Spotlight On... Grants Management and Oversight
Did you know that the Department of Health and Human Services (HHS) is the largest grant-making organization in the Federal Government?
In fiscal year (FY) 2011 alone, HHS awarded over 82,000 grants totaling approximately $385 billion. Of these, 80,000 grants, for a combined $91 billion, were for programs other than Medicare and Medicaid. The Recovery Act provided an additional $31 billion in non-Medicaid/Children's Health Insurance Program funding in FYs 2009-2010, and the Affordable Care Act appropriated more than $127 billion in additional funding through FY 2019.
The programs funded by these HHS grants and the services that they provide affect the lives of nearly every American. However, without proper controls in place to ensure the appropriate use of funds and sufficient oversight of grantees, these vital HHS programs are at risk. Therefore, grants management and oversight is crucial to both the HHS mission and the health and well-being of the public.
For this reason, the Office of Inspector General (OIG), tasked with ensuring the integrity of the HHS programs, named grants management as one of its "Top Management Challenges"1 every year for the last decade. Furthermore, OIG plans to build on its extensive body of work in this area, including audits, investigations, and evaluations, in the coming years. In its OIG FY13 Budget Justificatin, OIG listed grants management and oversight as one of its two highest priorities for budget funds allocated for public health, human services, and Department-wide oversight. Additionally, OIG's 2013 Work Plan introduces several new projects related to grants management.
To get an idea of the breadth of OIG's work on grants management and oversight, read about a few of OIG's recent reports and ongoing projects below.
President's Emergency Plan for AIDS Relief Funds
The President's Emergency Plan for AIDS Relief (PEPFAR) program authorized $78 billion from 2003 through 2014 in support of international programs for prevention, treatment, and care to combat HIV/AIDS, tuberculosis, and malaria. OIG examined the funds spent through this program in a 2011 report focusing on whether the Centers for Disease Control and Prevention's (CDC) oversight met departmental and Federal regulations. OIG found that while CDC performed some oversight of recipients' fund use, most of the award files did not include all required documents or evidence to demonstrate that CDC performed required monitoring. Because of these concerns, OIG expanded its audits internationally to include CDC's monitoring of PEPFAR funds by offices in other countries as well as audits of recipient organizations abroad. OIG issued two audits on Namibia, one in 2012 and another in 2013, and has an additional eight audits conducted there and in South Africa and Vietnam that are near completion." OIG is also planning seven more audits of PEPFAR grantees in Ethiopia and Zambia for FY 2013.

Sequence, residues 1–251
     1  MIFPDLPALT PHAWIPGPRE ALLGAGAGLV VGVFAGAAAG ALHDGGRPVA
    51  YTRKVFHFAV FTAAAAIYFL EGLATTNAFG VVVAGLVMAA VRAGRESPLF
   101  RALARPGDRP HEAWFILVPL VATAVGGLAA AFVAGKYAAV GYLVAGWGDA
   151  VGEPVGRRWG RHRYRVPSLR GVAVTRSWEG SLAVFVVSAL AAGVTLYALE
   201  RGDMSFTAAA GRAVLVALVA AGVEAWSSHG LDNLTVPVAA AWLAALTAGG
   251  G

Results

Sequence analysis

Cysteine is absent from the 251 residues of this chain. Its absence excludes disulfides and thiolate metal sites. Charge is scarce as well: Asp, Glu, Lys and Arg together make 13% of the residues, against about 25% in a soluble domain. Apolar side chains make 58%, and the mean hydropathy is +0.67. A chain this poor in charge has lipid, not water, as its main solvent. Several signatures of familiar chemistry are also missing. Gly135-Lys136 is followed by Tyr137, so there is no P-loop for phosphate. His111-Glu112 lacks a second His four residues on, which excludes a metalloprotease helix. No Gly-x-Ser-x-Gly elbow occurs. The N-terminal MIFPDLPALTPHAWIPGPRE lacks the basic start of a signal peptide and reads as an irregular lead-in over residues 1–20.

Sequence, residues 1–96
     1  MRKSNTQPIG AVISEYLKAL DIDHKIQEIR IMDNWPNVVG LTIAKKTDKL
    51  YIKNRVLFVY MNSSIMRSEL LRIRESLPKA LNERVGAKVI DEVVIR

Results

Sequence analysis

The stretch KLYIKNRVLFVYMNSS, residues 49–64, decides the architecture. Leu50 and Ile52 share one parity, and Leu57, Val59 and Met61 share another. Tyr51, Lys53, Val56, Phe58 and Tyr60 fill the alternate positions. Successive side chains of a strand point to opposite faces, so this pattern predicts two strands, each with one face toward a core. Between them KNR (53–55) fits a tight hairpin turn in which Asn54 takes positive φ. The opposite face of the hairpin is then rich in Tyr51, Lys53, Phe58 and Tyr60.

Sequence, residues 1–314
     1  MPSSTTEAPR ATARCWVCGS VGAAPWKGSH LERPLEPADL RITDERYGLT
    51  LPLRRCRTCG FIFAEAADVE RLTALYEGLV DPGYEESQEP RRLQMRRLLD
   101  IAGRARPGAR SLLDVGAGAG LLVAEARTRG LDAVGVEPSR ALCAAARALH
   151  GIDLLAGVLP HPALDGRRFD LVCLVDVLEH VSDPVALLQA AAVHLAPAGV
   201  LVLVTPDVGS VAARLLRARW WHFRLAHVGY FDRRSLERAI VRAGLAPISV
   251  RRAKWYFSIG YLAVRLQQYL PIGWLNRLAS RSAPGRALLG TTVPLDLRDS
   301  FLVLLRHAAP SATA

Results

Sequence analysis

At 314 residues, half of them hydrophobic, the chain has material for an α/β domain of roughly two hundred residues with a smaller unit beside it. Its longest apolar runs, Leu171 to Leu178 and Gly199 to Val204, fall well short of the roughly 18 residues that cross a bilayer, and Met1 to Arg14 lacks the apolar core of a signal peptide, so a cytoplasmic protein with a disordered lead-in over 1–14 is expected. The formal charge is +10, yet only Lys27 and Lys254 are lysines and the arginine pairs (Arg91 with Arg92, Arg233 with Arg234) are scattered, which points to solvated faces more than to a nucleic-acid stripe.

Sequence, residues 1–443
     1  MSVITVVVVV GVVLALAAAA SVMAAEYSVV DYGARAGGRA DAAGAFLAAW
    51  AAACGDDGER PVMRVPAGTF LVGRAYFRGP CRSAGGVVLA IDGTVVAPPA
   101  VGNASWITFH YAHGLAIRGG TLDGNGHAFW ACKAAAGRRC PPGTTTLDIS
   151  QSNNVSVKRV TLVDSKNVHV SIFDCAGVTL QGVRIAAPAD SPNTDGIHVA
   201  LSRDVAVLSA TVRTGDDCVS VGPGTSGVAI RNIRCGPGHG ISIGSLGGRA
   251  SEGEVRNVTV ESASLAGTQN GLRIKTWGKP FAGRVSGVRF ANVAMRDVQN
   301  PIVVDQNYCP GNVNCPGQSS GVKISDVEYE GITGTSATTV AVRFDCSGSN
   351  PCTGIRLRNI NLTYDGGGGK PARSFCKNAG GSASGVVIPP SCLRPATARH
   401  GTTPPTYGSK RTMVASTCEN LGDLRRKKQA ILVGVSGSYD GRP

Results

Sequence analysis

The Clinical and Translational Science Awards Program
In the report NIH Administration of the Clinical and Translational Science Awards Program, OIG set out to determine whether the National Institutes of Health (NIH) followed Federal regulations and policies in its management of the Clinical and Translational Science Award (CTSA) program, which provides external grants to expedite scientific research for new medical treatments. After reviewing a sample of the files, OIG indentified several issues, including CTSA staff's failure to document grantees' progress in compliance with NIH policy. CTSA staff completed the required comparison of research objectives and accomplishments in only 1 of the 38 reviewed cases. Furthermore, awardees were frequently late in submitting required reports, and CTSA staff did not take action to address this. Failure to meet these and other basic Federal requirements raises questions about whether awardees properly used funding and furthered the mission of NIH. Therefore, OIG provided several recommendations for NIH to ensure that staff meet these requirements going forward.